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Article
October 1961

Historical Approach to the Terminology of Syphilis

Author Affiliations

CEDAR GROVE, WIS.

Arch Dermatol. 1961;84(4):545-562. doi:10.1001/archderm.1961.01580160009002
Abstract

Attempts to analyze the historical course of syphilis have always encountered the difficulty of disengaging that disease from the mélange of symptoms and signs comprised by ancient and medieval medical writings. It is hard to recognize the syphilis of those days, not only because of diagnostic confusion with other diseases, but also because of the nature of syphilis itself— its protean symptomatology, its latent period between early and late stages, and its diverse epidemiology that causes it sometimes to appear as an innocent childhood disease, and at other times, under different social circumstances, as a venereal disease. Indeed, the difficulty of identifying syphilis prior to about 1500 has so discouraged some students of the subject as to persuade them that it could not have been present in the Old World before the return of Columbus from the New in 1493.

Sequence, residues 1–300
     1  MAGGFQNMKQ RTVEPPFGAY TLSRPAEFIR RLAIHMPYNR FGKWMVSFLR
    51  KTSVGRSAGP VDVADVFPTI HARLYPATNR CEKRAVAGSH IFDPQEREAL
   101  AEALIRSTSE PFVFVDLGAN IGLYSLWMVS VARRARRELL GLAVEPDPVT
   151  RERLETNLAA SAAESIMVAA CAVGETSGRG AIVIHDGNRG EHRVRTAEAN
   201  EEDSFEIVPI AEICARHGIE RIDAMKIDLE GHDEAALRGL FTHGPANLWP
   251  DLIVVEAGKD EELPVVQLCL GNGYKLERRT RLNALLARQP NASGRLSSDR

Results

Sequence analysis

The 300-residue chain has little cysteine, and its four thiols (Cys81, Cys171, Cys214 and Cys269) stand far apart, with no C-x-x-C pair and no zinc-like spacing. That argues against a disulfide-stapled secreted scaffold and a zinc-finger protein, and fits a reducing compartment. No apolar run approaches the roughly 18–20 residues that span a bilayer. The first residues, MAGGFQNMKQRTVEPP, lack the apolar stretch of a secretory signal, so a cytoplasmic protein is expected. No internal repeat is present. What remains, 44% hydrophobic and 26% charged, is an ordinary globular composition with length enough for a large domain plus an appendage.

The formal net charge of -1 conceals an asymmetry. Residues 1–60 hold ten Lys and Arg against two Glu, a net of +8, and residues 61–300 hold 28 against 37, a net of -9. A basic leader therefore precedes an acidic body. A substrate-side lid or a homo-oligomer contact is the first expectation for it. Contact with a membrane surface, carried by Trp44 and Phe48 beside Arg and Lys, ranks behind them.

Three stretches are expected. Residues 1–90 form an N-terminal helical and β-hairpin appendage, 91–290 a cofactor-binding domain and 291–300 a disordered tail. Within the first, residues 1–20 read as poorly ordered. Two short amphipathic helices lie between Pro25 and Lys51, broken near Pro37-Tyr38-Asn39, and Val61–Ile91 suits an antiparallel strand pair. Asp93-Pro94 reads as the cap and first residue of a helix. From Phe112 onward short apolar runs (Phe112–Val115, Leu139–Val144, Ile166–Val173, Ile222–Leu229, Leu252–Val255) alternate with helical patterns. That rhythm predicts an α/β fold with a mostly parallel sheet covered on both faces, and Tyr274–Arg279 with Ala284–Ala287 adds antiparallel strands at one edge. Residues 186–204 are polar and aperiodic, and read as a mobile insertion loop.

It is appropriate therefore, at this stage in our knowledge

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